RSS RFID Tracks Lifting Gear at Multi-Site Project
Radio-frequency identification (RFID) tracks every item of Rope and Sling Specialists Ltd.’s (RSS) equipment at a sprawling, seven-site project in London.
RSS has stocked lifting and rigging equipment stores at each of the locations—and every shackle, hook, sling, and harness is fitted with a tag that can be read by a smart device to capture inspection and location details on an app.
Motion Software’s Kinetic system is a third-generation package, built with user configuration and mobility in mind. These RFID tags work effectively even in harsh environments with excessive dirt, dust, moisture, and extreme temperatures. Practically, the technology is changing the way that lifting and rigging gear is inspected and monitored onsite.
Tony Teeder, regional account director — Midlands, London and South at RSS, said: “Many sites used to be dictated to only by the requirements of LOLER [Lifting Operations and Lifting Equipment Regulations 1998] to inspect and document equipment periodically—six-monthly, for example. However, by utilising RFID technology, sites are driving this down to monthly, weekly, and daily tracking procedures.”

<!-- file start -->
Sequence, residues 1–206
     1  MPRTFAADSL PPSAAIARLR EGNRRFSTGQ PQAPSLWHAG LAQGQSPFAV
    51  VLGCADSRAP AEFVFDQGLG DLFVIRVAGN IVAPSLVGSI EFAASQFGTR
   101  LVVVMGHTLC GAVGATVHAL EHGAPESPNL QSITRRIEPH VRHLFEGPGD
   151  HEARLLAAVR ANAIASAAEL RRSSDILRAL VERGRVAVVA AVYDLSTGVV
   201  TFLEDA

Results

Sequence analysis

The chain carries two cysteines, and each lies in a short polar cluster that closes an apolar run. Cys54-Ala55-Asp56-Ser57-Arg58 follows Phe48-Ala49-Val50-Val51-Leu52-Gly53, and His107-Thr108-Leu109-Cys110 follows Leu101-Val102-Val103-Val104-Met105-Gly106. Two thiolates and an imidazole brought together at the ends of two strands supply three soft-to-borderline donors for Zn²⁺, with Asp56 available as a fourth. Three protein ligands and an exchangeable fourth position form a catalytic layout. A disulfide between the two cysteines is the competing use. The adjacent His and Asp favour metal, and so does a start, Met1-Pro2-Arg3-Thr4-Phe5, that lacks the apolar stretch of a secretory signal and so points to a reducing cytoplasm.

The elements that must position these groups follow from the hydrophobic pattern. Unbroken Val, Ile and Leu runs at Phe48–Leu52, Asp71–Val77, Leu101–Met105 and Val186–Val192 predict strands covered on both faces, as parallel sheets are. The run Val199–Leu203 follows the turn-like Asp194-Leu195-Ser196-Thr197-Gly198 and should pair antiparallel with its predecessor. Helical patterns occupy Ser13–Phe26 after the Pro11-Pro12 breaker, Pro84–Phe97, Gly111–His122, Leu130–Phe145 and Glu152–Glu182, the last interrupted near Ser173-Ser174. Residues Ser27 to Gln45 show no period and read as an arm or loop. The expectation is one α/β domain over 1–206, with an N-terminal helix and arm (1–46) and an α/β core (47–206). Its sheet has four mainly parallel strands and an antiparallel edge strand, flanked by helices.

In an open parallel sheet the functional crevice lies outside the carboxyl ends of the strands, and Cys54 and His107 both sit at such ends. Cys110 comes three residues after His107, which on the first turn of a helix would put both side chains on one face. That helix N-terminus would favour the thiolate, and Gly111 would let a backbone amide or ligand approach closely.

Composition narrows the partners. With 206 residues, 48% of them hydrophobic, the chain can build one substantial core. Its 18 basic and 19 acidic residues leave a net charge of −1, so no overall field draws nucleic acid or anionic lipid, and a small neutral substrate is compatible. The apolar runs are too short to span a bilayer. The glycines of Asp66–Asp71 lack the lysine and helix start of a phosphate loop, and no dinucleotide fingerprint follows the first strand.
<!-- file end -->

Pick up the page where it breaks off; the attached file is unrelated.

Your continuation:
Teeder pointed to four pillars of the multifaceted system: fast delivery; compliance; control; and user-friendliness. He explained: “The system shrinks the time from inspection to final report, while automatic alerts and updates make sure you never miss an inspection. All equipment can be easily referenced against relevant legislation, and inspection renewals are tracked. Reports can be built with a unique app builder.”
Much of the equipment that RSS supplies is already fitted with RFID chips, but they are easily added to webslings and roundslings, for example, if they are not already present. Such tracking is especially valuable to end users on items such as Crosby’s shackles, which are one of the most versatile pieces of equipment in nearly every rigging, lifting, and material handling operation because they serve the critical function of connecting various pieces of lifting equipment to the load.
The lead appointed person at the project, said: “As appointed persons, we are responsible for providing lift plans on every lift from a small chain hoist up to a large-capacity crawler crane. We have cameras on our cranes, so the operation was already receptive to technology—but the RFID programme implemented by RSS has transformed the way our rigging gear is stored, used, and inspected in line with LOLER requirements—and beyond. We find the weekly reports very useful too.”
RSS is first point of contact for non-standard lifting equipment for critical lifts, which is also tracked via Motion Software’s Kinetic system.